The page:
At the other end of the process are those still pitching ideas to publishers. While publishers don’t pay for the fun, they nevertheless still want to get to it pretty-damn quickly… You DON’T want decision-makers realising the wisdom of that quote from business guru Tom Peters: “If you’re not confused, you’re not paying attention!”
Stress? Sounds like namby-pamby nonsense, right? Well, it might sound that way, but according to an online survey by RealNetworks, Inc., 64% of respondents say they play board games to unwind and relax. 53% of them specifically say they play to relieve stress… Can you imagine, then, how those people regard and review games with poor instructions?
Sadly, I can’t find a significant survey on how often board games are abandoned before completion. Perhaps you’ve had the experience, though, of seeing people embarrassedly give up on a game before they’ve even got going? If you don’t think it happens, here’s a wake-up call… Another paraphrased quote from an online review:
“Gave up. You need a diploma to work out how to play it…”
Let’s assume, though, that this isn’t the most-common problem. Let’s assume that many people who struggle with instructions do, at least, take a swing, stab or shot at playing the game. To what extent do you think slapdash grammar enhances a brand? My god, the money some companies spend on launching and marketing new products. And yet…
Ever had an email from a Nigerian Prince? One that offers you a tremendous sum of money for a simple favour? If not, perhaps you first need warning about phishing scams! These aim to extract financial information from trusting, everyday rubes… Hard for me though it is to believe that you’ve not experienced such a thing, let me say this: if you ever get an email from a Nigerian Prince, you have not, in fact, got an email from a Nigerian Prince… Delete it immediately.
The reason I mention it is that many scam emails are absolutely rife with terrible grammar and spelling mistakes. Some people assume it’s because scammers are either stupid or lazy. In fact, though, the mistakes are likely to be deliberate. As securitymetrics.com puts it, that’s because scam artists and hackers “…prey on the uneducated believing them to be less observant and thus, easier targets.”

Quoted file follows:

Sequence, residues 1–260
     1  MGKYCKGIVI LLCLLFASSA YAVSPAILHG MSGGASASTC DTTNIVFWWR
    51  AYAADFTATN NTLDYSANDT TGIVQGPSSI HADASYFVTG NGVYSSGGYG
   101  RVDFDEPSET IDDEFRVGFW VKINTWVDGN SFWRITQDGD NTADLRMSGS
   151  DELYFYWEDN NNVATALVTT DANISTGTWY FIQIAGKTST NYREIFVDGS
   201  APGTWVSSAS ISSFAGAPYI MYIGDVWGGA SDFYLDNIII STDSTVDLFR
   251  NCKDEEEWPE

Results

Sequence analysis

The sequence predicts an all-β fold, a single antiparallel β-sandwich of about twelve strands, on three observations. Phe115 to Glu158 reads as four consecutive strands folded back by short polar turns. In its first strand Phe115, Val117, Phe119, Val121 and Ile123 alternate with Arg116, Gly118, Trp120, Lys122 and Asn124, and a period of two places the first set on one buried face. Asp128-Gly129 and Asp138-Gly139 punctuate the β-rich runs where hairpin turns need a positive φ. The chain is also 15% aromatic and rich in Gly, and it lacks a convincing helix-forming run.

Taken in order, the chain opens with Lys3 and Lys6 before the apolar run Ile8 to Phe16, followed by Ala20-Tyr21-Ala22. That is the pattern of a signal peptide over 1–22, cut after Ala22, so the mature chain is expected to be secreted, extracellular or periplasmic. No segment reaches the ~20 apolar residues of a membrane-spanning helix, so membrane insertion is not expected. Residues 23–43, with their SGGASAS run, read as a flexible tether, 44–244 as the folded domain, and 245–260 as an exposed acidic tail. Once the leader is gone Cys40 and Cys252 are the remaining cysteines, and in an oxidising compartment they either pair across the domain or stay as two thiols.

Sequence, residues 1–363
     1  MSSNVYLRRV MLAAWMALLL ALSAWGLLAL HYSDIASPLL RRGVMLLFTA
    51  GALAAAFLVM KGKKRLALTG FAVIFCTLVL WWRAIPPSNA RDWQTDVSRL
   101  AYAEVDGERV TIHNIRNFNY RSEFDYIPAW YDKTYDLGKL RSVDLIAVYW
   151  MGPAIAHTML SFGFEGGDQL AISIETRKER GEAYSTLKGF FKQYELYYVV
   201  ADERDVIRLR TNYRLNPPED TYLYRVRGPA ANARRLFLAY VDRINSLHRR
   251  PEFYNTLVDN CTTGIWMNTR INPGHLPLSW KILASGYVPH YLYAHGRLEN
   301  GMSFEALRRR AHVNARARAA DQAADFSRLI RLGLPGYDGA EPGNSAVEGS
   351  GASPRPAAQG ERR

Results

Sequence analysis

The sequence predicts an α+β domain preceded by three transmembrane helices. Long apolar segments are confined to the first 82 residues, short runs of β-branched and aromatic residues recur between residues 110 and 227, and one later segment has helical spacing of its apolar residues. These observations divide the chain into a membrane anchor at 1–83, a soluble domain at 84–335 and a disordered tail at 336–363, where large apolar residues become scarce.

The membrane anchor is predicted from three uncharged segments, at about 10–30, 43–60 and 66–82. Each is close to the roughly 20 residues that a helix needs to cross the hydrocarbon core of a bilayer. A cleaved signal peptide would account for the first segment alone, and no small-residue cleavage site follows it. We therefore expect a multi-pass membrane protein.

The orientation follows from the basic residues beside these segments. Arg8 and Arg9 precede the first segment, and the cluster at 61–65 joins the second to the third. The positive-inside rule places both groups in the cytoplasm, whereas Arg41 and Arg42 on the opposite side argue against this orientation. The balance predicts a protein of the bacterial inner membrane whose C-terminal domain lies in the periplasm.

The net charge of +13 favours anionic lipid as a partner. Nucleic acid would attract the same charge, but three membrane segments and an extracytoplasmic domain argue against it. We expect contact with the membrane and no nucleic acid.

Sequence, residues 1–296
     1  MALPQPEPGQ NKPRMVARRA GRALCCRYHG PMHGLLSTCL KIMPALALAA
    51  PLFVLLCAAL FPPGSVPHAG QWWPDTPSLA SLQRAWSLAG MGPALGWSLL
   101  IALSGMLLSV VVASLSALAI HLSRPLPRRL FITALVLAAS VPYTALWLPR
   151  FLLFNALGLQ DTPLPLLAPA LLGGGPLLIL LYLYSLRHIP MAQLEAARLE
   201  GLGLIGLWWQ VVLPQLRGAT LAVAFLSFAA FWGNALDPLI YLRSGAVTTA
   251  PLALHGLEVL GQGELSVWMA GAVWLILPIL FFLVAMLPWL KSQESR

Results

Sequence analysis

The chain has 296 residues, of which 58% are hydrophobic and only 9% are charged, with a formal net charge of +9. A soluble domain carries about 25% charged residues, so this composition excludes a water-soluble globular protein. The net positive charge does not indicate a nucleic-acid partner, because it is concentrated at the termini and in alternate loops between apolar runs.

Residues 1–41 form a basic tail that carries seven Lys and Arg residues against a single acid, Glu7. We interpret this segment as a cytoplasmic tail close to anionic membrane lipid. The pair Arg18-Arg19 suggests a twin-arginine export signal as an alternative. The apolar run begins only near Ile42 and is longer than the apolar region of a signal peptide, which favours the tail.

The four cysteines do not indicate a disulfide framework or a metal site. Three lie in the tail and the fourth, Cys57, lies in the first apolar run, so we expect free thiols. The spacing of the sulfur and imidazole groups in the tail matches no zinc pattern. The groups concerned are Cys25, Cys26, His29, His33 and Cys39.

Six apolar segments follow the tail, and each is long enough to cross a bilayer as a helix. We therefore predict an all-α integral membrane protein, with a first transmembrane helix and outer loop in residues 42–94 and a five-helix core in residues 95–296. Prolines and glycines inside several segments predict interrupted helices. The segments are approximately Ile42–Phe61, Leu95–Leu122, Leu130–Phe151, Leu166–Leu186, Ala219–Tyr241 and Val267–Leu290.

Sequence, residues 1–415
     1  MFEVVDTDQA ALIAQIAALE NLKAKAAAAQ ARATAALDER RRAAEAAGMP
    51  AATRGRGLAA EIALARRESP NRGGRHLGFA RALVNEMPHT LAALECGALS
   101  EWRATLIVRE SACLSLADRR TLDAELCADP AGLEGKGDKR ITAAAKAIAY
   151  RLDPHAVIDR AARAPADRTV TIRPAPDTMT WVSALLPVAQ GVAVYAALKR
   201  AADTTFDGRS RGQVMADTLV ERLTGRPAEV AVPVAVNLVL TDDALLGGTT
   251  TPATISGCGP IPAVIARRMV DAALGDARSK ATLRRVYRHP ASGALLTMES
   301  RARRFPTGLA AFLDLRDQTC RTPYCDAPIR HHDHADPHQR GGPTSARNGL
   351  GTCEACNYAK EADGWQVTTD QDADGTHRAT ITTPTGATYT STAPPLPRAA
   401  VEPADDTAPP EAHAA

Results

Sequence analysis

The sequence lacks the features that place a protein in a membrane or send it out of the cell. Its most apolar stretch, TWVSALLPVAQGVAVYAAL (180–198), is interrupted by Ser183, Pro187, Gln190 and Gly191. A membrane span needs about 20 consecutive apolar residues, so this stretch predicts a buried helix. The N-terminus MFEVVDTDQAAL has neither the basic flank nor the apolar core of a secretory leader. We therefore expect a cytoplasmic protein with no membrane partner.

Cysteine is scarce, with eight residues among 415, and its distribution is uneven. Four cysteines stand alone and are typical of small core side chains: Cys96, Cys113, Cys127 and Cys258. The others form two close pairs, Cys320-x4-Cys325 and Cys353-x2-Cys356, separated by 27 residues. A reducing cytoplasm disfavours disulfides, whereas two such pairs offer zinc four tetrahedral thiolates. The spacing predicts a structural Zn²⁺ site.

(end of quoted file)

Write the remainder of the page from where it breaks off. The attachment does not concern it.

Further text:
In other words, if you’re too stupid to realise all that terrible grammar makes no sense at all, you’re probably stupid enough to fall for the rest of their shenanigans. To everyone else, it looks dodgy, lacks credibility, and gets incredibly short shrift. This doesn’t just apply to scammers, though. The internet-service comparison site, Website Planet, tells us that businesses with bad grammar and spelling mistakes “…lose almost double the number of potential customers than those with typo-free sites.”
So while your instructions being riddled with spelling errors and bad grammar doesn’t necessarily mean customers think you’re a scam artist, there’s not much doubt they’ll think less of you, your brand and your game. And if you’re an inventor hoping to sell your game to a publisher, of course, then grammar and clarity are as important in your communications as they would be on a C.V.
Why would this help? A couple of reasons… If your instructions are hard to read because the font size is too small, then you’re contributing to a poor play experience. But, for publishers, there’s also a more commercial reason: if you want to include advertising in the rules, then – of course – it’s much easier to do if there’s a significant amount of white space available. That may not sound like the be all and end all, but I have here a rules pamphlet that demonstrates the point. It’s a long strip of paper with seven folds in it. That means it has eight double-sided portions. In other words, 16 panels…
There are absolutely no advertisements for the other games in the brand’s range – and it’s quite clear they couldn’t fit them on. I can see, though, several ways to edit the rules and free up at least one panel – probably two. Why wouldn’t a brand do that? Why would anyone say: “Keep the long sentences, difficult words and repetition! Just drop the adverts…”
In conclusion, I’ll call to service a trite-but-true analogy… No chain is stronger than its weakest link. And in many games, the instructions are the weakest link by far. If you think they don’t matter, I’ll sign off with the best one-star review I’ve seen:
“This game is the worst thing I’ve ever experienced
– and I’ve had gastroenteritis.”
Deej Johnson is a writer, and co-author of The Snakes & Ladders of Creative Thinking: How to Have More Ideas for Board Games, Improve Them & Get Them Ready to Pitch. Contact Deej directly via email@example.com